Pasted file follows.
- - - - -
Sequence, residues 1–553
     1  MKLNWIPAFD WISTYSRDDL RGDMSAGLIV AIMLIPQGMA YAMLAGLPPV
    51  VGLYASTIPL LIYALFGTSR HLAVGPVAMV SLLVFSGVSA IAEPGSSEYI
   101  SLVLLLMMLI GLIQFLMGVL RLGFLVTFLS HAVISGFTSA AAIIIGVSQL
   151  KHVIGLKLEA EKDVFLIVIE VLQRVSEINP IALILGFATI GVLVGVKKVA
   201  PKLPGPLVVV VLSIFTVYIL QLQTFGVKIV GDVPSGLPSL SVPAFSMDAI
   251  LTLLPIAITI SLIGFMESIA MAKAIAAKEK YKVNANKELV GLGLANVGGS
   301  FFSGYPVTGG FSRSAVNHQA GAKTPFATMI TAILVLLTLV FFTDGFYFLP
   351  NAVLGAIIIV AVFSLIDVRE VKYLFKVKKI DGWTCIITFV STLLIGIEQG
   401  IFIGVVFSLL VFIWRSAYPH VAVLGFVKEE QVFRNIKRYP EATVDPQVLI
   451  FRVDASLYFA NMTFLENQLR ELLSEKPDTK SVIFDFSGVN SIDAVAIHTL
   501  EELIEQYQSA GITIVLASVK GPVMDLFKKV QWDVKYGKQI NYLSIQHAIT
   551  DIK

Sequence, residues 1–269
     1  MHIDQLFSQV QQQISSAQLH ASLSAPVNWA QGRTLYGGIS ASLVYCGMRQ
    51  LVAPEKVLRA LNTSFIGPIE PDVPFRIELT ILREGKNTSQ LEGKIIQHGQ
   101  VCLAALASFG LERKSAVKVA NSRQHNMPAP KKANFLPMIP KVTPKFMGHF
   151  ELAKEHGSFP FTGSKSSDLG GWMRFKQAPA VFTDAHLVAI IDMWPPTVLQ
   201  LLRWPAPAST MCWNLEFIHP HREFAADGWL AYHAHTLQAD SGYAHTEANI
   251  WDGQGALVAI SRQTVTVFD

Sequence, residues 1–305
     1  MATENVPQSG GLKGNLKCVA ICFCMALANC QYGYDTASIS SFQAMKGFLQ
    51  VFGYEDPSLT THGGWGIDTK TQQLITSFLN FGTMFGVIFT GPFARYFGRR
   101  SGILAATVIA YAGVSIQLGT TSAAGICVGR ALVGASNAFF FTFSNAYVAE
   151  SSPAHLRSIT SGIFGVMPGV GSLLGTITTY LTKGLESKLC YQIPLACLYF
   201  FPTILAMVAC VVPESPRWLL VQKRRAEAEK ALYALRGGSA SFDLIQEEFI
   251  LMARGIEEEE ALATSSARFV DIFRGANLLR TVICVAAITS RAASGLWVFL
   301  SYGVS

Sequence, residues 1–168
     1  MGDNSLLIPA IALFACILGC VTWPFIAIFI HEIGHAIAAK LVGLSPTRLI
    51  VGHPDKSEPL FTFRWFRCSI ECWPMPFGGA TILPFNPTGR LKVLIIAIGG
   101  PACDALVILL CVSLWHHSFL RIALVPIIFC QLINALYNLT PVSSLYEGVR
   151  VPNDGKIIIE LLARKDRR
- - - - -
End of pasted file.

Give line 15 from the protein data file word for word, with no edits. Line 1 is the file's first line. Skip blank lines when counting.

     1  MHIDQLFSQV QQQISSAQLH ASLSAPVNWA QGRTLYGGIS ASLVYCGMRQ